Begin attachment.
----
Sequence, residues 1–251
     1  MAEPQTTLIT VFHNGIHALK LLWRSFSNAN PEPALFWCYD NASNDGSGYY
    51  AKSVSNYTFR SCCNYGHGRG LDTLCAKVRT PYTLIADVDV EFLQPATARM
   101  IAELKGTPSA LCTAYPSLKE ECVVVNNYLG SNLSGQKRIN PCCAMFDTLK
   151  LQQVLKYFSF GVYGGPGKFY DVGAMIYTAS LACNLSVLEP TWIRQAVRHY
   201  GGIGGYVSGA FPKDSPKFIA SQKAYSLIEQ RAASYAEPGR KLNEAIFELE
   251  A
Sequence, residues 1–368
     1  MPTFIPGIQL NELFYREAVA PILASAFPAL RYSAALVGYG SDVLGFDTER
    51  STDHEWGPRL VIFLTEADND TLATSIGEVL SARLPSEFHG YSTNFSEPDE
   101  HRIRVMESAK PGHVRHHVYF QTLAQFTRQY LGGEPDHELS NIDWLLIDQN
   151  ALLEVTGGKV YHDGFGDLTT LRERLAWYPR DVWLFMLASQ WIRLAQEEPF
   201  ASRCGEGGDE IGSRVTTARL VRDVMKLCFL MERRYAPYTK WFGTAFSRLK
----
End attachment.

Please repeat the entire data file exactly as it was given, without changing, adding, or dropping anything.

Sequence, residues 1–251
     1  MAEPQTTLIT VFHNGIHALK LLWRSFSNAN PEPALFWCYD NASNDGSGYY
    51  AKSVSNYTFR SCCNYGHGRG LDTLCAKVRT PYTLIADVDV EFLQPATARM
   101  IAELKGTPSA LCTAYPSLKE ECVVVNNYLG SNLSGQKRIN PCCAMFDTLK
   151  LQQVLKYFSF GVYGGPGKFY DVGAMIYTAS LACNLSVLEP TWIRQAVRHY
   201  GGIGGYVSGA FPKDSPKFIA SQKAYSLIEQ RAASYAEPGR KLNEAIFELE
   251  A
Sequence, residues 1–368
     1  MPTFIPGIQL NELFYREAVA PILASAFPAL RYSAALVGYG SDVLGFDTER
    51  STDHEWGPRL VIFLTEADND TLATSIGEVL SARLPSEFHG YSTNFSEPDE
   101  HRIRVMESAK PGHVRHHVYF QTLAQFTRQY LGGEPDHELS NIDWLLIDQN
   151  ALLEVTGGKV YHDGFGDLTT LRERLAWYPR DVWLFMLASQ WIRLAQEEPF
   201  ASRCGEGGDE IGSRVTTARL VRDVMKLCFL MERRYAPYTK WFGTAFSRLK